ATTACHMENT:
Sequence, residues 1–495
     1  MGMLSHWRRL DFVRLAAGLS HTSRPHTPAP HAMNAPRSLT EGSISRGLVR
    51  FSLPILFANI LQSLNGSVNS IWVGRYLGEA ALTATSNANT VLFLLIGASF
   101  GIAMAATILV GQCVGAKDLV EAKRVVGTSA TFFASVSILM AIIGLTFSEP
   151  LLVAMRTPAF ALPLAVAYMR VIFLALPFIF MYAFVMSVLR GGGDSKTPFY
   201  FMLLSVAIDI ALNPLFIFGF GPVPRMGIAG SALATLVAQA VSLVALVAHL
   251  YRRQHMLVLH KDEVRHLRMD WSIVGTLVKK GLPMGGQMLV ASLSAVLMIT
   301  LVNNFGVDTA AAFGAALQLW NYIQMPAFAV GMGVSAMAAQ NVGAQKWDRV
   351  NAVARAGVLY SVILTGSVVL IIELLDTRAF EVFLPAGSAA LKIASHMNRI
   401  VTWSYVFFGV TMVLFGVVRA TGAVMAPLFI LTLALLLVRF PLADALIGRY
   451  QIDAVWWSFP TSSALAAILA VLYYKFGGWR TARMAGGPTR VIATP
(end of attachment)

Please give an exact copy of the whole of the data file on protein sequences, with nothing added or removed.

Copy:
Sequence, residues 1–495
     1  MGMLSHWRRL DFVRLAAGLS HTSRPHTPAP HAMNAPRSLT EGSISRGLVR
    51  FSLPILFANI LQSLNGSVNS IWVGRYLGEA ALTATSNANT VLFLLIGASF
   101  GIAMAATILV GQCVGAKDLV EAKRVVGTSA TFFASVSILM AIIGLTFSEP
   151  LLVAMRTPAF ALPLAVAYMR VIFLALPFIF MYAFVMSVLR GGGDSKTPFY
   201  FMLLSVAIDI ALNPLFIFGF GPVPRMGIAG SALATLVAQA VSLVALVAHL
   251  YRRQHMLVLH KDEVRHLRMD WSIVGTLVKK GLPMGGQMLV ASLSAVLMIT
   301  LVNNFGVDTA AAFGAALQLW NYIQMPAFAV GMGVSAMAAQ NVGAQKWDRV
   351  NAVARAGVLY SVILTGSVVL IIELLDTRAF EVFLPAGSAA LKIASHMNRI
   401  VTWSYVFFGV TMVLFGVVRA TGAVMAPLFI LTLALLLVRF PLADALIGRY
   451  QIDAVWWSFP TSSALAAILA VLYYKFGGWR TARMAGGPTR VIATP